I actually had been of two minds about it. The event started at noon. Since I would have to go at three pm, there would only be two and a half hour window to roam about. With promise of food and performances, the time only allowed for little to savour.

The Gate

Festival of Nations is an annual food and cultural event, organized by International Relations students of Parahyangan Catholic University, according to its facebook page. This year, held on 26 April as part of the celebration of 60th Asian-Africa Conference Commemoration, the event took on the theme of Global Village, and title Kulturasun with tagline When the World Say Sampurasun (Sampurasun is sundanese greeting).

The first stage

It was held on half part of the road that is designated as car-free area on Sunday mornings. Basically, the event was an extension to the regular car-free hours with a unifying theme, a global village, connecting the attractions.

People already amassed when I got there although the hosts at the stage nearest to the gate were still initiating the show. The first stage was right under the greeneries that are the landmark of the Dago street. It was the best spot to just sit down on the road and enjoy being under the trees.

Trying to optimize the time, I walked straight to the other end of the venue while noting my surrounding. There were a number of food and drink stalls, plenty of tea, very little coffee, followed by cells exhibiting culture of various countries. At the end of the venue was the main stage where most of the performances, dances and music, took place.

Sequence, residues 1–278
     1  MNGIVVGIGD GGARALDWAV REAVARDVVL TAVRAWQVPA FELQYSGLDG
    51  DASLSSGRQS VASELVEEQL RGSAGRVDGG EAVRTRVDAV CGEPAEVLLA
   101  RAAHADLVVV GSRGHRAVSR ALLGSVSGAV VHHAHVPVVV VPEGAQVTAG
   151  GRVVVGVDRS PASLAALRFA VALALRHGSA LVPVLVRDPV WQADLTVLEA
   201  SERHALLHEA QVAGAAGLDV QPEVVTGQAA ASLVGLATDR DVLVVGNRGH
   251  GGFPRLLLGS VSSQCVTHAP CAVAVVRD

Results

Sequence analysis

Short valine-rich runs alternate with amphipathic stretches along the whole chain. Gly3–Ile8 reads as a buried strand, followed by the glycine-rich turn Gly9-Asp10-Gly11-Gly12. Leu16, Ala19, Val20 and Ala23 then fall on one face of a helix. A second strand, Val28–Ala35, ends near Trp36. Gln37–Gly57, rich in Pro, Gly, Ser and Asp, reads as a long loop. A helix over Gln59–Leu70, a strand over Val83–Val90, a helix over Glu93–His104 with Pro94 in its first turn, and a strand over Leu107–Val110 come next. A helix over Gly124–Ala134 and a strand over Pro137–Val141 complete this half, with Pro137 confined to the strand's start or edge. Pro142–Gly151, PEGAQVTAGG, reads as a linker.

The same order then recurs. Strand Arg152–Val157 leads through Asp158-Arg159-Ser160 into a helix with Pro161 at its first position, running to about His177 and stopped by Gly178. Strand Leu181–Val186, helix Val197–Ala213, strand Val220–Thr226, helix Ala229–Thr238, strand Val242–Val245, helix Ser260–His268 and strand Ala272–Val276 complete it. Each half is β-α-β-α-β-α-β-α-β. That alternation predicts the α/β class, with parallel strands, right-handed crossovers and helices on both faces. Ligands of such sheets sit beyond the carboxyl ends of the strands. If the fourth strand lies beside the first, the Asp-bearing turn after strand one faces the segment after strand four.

The main stage

Since the sun was still in full glory, an hour past noon, people mostly stayed in the shade at a distance from the stage because the front of it was bare open. I didn’t stay long enough to see a full performance at the main stage as a message came from a friend to meet near the first stage. So I walked back, all the way through, and picked up two bottles of tea.

Impression and a couple of notes

As is my eternal complaint on public events in public spaces, these programmes need better sound strategies (there is a sound talk on the subject by Julian Treasure at TED). Did the show hosts think the audience would not hear them? Because they shouted a lot while the perfectly functioning sound system amplified their words. I dream of an event in which I don’t have to shout to communicate with the one next to me.

I very much support entertainment like these where people meet and mingle and provide alternatives to malls. I wonder why we can’t have car-free areas every day of the week, not just on Sundays.